Thoughts on politics and life from a liberal perspective

Sunday, 1 November 2009

Are MPs paid enough?

MPs are currently paid £64,766.

The current median average salary in the UK is £25,123.

So MPs earn more than 2.5 times the average salary. I know that they are expected to live in and commute between two separate places but they are given an allowance to cover the cost of the second home (if they live far enough away from Westminster) and also given expenses to cover the cost of travel between the two places. I also know that there are likely to be some changes to the regime around this but I am sure that MPs will still have an allowance for travel and accommodation that will be adequate.

There seem to be a number of people who think that MPs are actually underpaid and should earn more. Perhaps £100,000 or more from what I have read.

I am afraid I completely disagree. I know that some MPs (and prospective MPs) could earn more in their former professions but frankly, becoming an MP is about far more than the money. For someone from an average background the salary would be a huge increase. For those from more wealthy backgrounds it may be a salary cut. That's just the way it is.

There are all sorts of perks associated with become an MP which those seeking to enter parliament are well aware of and are outside of any financial incentive. Here are a few I thought of earlier (I am sure there are lots more):

  • Name in "Who's Who" for life (Matthew Parris cites this as one of the best things about becoming an MP!)
  • Getting on TV and radio frequently
  • Ability to affect legislation
  • Being a VIP in your constituency
  • Having the ear of the most powerful people in the country
  • Parliamentary privilege
  • Great springboard to further opportunities post parliament

MPs are paid more than enough in my view. If someone is deterred from entering parliament because 2.5x the median average salary is not enough for them then they are probably not right to become an MP in the first place.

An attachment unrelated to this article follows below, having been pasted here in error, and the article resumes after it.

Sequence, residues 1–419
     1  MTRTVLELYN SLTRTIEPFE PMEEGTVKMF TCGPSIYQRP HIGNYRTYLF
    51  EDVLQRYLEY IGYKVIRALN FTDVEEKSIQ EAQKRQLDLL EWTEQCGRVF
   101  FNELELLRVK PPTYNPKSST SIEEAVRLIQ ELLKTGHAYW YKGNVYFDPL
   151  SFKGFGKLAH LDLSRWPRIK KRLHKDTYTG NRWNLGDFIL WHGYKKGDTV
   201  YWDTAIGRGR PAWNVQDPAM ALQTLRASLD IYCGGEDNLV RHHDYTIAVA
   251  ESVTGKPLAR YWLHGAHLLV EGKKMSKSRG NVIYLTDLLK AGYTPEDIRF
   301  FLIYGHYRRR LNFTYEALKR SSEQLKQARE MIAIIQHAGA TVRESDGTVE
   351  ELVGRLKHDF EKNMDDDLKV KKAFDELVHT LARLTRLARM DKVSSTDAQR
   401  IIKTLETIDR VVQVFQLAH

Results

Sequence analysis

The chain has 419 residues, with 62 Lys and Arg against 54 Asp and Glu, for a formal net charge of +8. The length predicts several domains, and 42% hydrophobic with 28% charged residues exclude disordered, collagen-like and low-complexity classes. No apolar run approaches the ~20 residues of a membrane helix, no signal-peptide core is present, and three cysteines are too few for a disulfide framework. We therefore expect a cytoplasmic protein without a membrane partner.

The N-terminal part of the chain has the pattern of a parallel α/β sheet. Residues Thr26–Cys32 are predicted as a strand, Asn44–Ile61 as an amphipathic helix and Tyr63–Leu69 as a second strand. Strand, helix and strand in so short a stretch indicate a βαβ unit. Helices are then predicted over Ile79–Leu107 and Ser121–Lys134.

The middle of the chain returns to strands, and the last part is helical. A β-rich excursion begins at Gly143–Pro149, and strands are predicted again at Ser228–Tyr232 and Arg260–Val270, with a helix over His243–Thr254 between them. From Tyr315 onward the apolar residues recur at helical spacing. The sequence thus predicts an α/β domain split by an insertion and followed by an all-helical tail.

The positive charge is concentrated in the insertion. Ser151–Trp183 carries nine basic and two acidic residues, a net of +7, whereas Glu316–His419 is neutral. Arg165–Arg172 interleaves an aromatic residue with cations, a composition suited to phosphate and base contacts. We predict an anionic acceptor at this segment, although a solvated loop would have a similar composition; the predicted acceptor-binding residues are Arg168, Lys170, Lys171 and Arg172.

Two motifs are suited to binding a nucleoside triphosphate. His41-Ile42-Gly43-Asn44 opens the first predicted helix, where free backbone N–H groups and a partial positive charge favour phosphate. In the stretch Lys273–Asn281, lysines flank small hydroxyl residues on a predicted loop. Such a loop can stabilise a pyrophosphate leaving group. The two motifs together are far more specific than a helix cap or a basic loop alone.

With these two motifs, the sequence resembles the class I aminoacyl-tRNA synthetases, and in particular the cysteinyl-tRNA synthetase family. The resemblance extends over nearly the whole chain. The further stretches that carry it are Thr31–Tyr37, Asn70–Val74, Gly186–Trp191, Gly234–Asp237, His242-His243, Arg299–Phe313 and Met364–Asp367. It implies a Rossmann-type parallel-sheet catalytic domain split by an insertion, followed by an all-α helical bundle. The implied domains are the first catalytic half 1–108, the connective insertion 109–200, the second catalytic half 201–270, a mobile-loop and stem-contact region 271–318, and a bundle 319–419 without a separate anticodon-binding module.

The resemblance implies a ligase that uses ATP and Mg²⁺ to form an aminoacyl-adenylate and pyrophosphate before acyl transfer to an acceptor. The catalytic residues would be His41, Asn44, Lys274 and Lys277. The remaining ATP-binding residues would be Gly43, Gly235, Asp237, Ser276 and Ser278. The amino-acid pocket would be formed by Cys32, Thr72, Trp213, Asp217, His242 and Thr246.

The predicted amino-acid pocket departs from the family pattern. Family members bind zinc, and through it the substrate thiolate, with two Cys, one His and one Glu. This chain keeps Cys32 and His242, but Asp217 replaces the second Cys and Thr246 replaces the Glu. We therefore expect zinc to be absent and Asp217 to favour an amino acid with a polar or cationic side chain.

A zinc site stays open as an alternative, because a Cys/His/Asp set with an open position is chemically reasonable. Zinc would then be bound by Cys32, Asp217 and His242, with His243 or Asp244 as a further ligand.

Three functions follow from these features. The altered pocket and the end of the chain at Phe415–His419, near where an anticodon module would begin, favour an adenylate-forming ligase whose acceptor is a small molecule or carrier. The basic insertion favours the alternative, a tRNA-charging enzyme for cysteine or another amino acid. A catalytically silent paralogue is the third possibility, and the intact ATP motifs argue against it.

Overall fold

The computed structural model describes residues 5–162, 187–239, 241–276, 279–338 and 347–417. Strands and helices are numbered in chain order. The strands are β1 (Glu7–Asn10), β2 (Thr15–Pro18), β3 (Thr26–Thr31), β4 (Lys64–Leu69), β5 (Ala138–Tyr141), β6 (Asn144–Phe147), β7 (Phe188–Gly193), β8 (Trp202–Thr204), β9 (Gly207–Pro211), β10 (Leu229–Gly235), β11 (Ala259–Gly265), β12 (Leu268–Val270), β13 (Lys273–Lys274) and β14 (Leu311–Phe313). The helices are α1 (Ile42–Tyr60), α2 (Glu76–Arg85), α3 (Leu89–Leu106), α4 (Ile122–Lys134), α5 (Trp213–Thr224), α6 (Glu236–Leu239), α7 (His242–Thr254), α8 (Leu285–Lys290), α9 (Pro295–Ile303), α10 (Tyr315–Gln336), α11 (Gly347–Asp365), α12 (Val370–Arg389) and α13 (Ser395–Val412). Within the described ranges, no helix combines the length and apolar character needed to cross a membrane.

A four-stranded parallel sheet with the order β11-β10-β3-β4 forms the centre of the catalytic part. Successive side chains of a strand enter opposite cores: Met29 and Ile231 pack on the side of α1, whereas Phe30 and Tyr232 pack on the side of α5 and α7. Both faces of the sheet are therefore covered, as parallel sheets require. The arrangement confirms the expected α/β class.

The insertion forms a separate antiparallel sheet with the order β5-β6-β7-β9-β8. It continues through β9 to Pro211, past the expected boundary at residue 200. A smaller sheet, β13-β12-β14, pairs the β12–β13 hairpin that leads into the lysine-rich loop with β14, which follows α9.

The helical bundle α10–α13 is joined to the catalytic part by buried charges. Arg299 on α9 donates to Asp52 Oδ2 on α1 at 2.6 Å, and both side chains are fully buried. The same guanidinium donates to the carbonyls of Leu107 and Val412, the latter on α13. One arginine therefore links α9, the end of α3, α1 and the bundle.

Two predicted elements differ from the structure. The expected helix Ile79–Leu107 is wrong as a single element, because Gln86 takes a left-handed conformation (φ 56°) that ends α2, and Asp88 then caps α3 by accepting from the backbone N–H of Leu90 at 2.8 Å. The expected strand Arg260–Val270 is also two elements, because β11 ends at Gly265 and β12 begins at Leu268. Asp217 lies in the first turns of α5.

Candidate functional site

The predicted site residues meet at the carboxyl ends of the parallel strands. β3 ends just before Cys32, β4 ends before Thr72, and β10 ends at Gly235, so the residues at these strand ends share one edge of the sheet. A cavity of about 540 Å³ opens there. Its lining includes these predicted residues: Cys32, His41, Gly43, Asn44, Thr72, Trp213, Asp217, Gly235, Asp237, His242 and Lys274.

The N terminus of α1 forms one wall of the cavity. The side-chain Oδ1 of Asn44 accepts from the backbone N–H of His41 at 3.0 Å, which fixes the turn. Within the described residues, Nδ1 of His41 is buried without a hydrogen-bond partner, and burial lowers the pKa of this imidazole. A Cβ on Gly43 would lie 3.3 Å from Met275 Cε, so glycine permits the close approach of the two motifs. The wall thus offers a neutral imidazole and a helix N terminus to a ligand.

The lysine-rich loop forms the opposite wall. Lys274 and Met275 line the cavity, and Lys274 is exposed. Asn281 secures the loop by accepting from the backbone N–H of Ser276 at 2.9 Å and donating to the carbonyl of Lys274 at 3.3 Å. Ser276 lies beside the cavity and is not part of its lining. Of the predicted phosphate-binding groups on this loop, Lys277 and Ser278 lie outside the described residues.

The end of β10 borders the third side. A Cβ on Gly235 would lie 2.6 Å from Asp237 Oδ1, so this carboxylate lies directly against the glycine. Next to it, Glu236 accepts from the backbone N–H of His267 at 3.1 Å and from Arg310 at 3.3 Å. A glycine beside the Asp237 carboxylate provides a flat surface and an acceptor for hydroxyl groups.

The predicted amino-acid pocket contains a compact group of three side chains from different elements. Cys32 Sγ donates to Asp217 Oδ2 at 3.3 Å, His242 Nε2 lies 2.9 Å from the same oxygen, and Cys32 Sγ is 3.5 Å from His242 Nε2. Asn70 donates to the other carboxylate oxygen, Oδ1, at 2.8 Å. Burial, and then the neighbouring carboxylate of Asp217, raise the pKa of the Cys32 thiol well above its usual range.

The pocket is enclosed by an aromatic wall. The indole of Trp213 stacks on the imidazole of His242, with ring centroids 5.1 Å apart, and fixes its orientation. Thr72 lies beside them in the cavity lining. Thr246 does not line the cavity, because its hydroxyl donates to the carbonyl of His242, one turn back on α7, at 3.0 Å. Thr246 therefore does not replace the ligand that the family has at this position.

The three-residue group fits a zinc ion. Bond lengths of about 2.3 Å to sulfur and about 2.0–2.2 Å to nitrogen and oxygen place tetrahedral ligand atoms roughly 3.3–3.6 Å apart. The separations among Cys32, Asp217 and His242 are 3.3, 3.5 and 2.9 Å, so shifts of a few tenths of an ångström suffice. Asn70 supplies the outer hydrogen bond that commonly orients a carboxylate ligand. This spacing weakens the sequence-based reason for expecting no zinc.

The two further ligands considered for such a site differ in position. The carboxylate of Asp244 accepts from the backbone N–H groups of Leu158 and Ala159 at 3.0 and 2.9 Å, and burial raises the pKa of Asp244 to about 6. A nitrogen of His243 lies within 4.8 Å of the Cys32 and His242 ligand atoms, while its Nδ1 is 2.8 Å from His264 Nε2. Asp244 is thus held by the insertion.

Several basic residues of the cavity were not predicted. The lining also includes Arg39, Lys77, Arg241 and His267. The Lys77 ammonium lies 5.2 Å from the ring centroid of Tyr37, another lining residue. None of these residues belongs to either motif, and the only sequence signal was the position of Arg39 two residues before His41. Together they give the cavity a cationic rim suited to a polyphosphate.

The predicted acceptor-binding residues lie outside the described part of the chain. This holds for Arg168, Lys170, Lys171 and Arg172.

John said...

I wonder what Kelly will say - hopefully rental for a family +1 - ie if you have three kids then say four-bedroom flat (same as someone single can have one bed flat) - 2nd class rail fares or something a bit more exotic for various Scottish MPs.

Cardinal Richelieu's mole said...

Yet pay ought to reflect skill, expertise, commitment demanded etc..

The difficulty with that notion is that those qualities are very variable in fact as between different MPs.

Yet absent some fair (!) system of performance-related pay for each one, MPs might be considered to need skills on a par with, say, a decent professional in a serious occupation - so solicitor, accountant etc.. By comparision, they are then not well-paid now.

Yet the comparision might appropriately be "glorified social worker" and (avoiding debate on what social workers are worth), they are generously rewarded.

As the ones we have now can be seen to be expense claimers, busily troughing in place of busily holding this rotten government to account, standing by as the country has gone to hell, it is they who should be paying us rather than the other way around.

Mark Wadsworth said...

Agreed. I ran a Fun Online Poll on what the salary should be (inclusive of expenses) and it came out at £60,000 or so.

That is more than adequate to run one-and-a-half homes.

The point is, there is a market rate for everything. Seeing as for every seat there are five or six candidates, and within each party five or ten people battle it out to become the candidate in the first place, there is clearly no shortage of people who want to be MPs.

So their salary should drop and drop until we reach the stage where only one or two people are trying to become the candidate for each party.

Cardinal Richelieu's mole said...

Another point - on the Abbot and Portillo show (still annoyingly interrupted by the Neal person) - Miguel said that there is a notion that the present difficulties will lead to an improvement in the people entering politics but that this was wrong. We will end up with parliamentarians who are either ex-think tank apparatchiks, ignorant of the "real world" and driven by personal ambition to the exclusion of purer motives and cares, or millionaires indulging their hobby.

Both bleak prospects if those groups appear in large numbers and dreadful if that is all we end up with. A decent financial reward would not necessarily help attract decent others, but for taxpayers to be parsimonious will be self-defeating.